Home Global warming 84 years ago, a mild-mannered biker sparked a huge debate on climate change

84 years ago, a mild-mannered biker sparked a huge debate on climate change

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Scientists have known for decades that carbon dioxide can trap heat and warm the planet. But Guy Callendar was the first to link human activities to global warming.

He showed that Earth’s temperatures had risen over the previous half-century, and he theorized that people were unwittingly raising the Earth’s temperature by burning fossil fuels in ovens, factories, and even his well-known motorcycles. loved.

When Callendar published his findings, it sparked a firestorm. The scientific establishment viewed him as an outsider and somewhat of an indiscreet scientific gentleman. But, he was right.

His theory became widely known as the “Calendar Effect”. Today, this is called global warming. Callendar defended his theory until his death in 1964, growing baffled that science met with such resistance from those who did not understand it.

The theory – A theoretical basis for climate change had been developed over the 114 years prior to Callendar’s research.

Scientists including Joseph Fourier, Eunice Foote, John Tyndall and Svante Arrhenius had developed an understanding of how water vapor in Earth’s atmosphere trapped heat, noted that carbon dioxide in the atmosphere absorbed also large amounts of heat and have speculated about how the increase in fossil fuels its use could raise the Earth’s temperature and alter the climate.

However, these scientists were only talking about future possibilities. Callendar showed that global warming was already happening.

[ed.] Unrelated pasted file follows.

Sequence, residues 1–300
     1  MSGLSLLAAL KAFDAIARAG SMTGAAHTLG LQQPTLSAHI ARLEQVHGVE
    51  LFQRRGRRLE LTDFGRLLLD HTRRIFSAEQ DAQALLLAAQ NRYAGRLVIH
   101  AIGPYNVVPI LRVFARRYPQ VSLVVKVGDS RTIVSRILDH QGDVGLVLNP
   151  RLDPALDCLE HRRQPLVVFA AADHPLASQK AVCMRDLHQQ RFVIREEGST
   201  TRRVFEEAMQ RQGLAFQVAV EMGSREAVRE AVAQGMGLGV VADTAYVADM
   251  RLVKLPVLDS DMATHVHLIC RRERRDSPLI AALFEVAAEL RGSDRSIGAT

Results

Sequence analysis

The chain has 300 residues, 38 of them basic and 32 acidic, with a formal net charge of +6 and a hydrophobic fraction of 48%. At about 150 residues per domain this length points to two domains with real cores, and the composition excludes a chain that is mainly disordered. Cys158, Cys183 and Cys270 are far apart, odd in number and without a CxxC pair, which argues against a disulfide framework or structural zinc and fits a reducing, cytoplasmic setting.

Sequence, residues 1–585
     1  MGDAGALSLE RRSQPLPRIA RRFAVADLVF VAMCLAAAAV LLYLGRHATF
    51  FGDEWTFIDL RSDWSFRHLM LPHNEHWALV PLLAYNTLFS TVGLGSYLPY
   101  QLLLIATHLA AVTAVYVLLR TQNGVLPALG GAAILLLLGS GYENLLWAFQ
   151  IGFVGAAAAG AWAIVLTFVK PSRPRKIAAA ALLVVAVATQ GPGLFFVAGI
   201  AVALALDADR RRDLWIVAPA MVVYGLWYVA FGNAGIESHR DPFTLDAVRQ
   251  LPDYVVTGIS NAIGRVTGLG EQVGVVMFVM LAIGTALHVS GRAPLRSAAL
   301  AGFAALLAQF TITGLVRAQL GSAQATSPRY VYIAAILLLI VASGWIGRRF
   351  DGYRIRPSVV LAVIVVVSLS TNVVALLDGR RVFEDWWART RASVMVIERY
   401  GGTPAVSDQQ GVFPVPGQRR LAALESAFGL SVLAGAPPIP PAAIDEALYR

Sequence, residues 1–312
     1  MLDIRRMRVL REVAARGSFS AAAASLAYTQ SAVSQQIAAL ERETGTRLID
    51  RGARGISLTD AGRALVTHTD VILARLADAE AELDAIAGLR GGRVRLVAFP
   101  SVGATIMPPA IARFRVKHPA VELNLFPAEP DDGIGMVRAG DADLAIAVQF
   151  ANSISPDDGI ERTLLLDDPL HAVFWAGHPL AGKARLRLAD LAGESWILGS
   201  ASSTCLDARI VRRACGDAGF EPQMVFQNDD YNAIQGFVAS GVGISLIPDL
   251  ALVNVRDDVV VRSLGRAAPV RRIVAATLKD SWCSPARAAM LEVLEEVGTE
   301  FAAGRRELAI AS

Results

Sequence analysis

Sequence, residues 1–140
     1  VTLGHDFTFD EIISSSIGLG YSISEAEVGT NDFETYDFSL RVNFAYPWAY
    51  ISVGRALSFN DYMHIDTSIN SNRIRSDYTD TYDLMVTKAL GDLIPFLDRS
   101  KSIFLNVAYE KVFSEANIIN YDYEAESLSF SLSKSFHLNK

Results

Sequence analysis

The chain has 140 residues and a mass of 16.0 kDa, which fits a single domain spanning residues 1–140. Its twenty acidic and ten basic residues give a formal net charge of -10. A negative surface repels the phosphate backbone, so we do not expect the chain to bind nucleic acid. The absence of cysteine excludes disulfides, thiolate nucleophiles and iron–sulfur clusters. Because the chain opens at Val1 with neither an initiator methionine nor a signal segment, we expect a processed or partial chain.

A page from Guy Callendar’s 1938 article shows how he tracked and calculated changes in CO2, all in his spare time.GS Callendar, 1938

Who was Guy Callendar?

Callendar received a certificate in mechanics and mathematics from City and Guilds College, London in 1922 and went to work for his father, a well-known British physicist. The two share interests in physics, motorcycles, racing, and meteorology.

Callendar would later join the British Ministry of Supply in weapons research during World War II and continued to conduct war-related research at Langhurst, a secret research facility, after the war.

But his work on climate change was done in his spare time. Callendar kept logs with detailed weather data, including carbon dioxide levels and temperature. In an innovative article published in 1938, he claimed that there was an “increase in the average temperature, due to the artificial production of carbon dioxide”.

He averaged various temperature data sets from around the world, primarily using the Smithsonian publication “World Weather Records”, and derived global mean temperatures that match current estimates of mean temperatures at the time very well.

He also calculated how much carbon dioxide humans were releasing into the atmosphere – the annual net human intake. In 1938 it was about 4.3 billion tons, which compares well with current estimates for that year of about 4.2 billion tons. Note that global carbon dioxide emissions in 2018 were around 36 billion tons.